That is actor and mustachioed special-effect Ram Charan in a promotional image (click to embiggen) for the big huge massive Indian action blockbuster RRR that's gotten everybody in a tizzy this summer -- it's been on Netflix here in the U.S. for a couple of weeks now after obliterating box-office records in its home country and it's gathering quite the cult following here too. Have you watched it yet? I'd been meaning to for some time but it's three-hour run-time had me putting it off until the Tribeca Film Festival was done, meaning I finally got to it this weekend and holy cow, man!
Holy shit y’all weren’t lying— Jason Adams (@JAMNPP) June 26, 2022
This fucker’s amazing https://t.co/zQR8Kng7gf
There is a brief thread under that top tweet there so click through, but the main thing I want you to catch (if you've seen the film anyway) is this article at Slate which dives into the political context that we Western audiences mightn't been privy too. Basically like most action movies (see also: the Top Gun sequel currently rocking our own box office) RRR is chockablock with Nationalist propagandizing and as much fun as it is (same goes for Maverick) what it's fun is in service to should be kept in mind.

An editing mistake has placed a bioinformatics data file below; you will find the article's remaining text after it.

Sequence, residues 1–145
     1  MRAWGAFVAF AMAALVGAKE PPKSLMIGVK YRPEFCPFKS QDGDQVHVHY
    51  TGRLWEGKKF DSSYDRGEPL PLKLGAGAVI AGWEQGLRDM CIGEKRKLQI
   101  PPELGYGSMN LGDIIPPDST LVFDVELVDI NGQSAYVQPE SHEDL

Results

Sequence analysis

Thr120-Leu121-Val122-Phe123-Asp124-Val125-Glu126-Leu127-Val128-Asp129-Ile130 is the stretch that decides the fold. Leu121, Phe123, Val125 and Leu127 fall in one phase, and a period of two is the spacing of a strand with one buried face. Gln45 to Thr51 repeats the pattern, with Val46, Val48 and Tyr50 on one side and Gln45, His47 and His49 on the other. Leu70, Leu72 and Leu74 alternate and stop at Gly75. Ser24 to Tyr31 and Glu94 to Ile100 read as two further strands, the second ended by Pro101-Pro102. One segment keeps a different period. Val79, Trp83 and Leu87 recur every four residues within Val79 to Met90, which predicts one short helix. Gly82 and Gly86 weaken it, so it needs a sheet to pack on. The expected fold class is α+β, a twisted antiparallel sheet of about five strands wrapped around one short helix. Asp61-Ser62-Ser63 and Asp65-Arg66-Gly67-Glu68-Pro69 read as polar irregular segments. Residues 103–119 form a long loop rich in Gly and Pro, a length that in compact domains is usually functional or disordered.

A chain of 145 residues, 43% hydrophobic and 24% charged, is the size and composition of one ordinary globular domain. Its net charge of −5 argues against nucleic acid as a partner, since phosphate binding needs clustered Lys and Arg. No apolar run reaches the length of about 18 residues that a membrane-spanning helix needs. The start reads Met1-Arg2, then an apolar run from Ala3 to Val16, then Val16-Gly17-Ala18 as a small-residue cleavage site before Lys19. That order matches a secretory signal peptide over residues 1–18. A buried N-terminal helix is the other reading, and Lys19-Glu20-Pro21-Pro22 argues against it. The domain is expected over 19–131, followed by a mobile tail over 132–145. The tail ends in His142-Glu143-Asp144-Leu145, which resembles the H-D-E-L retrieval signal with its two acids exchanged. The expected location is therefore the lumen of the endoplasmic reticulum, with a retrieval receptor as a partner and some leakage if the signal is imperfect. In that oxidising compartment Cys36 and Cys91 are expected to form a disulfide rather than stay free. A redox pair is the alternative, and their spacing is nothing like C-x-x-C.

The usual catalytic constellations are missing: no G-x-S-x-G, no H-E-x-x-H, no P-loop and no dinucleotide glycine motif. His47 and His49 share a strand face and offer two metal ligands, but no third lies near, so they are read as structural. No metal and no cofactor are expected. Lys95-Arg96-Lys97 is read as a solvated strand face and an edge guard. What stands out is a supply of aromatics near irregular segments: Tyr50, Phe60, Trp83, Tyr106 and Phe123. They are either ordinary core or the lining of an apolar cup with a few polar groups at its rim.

And since I'm coming to the film late I also need to google around to see what people are saying about the homoeroticism on display between Ram Charan and his co-lead N.T. Rama Rao Jr., because RRR is epically, unstoppably gay (see also: Top Gun) from start to finish. Yes both of their characters have female love interests but they couldn't seem less concerned about them in the slightest -- the film's entirely about the relationship between the two men, and they spend so much time straddling each other it made me feel like I've been doing gay wrong this whole time.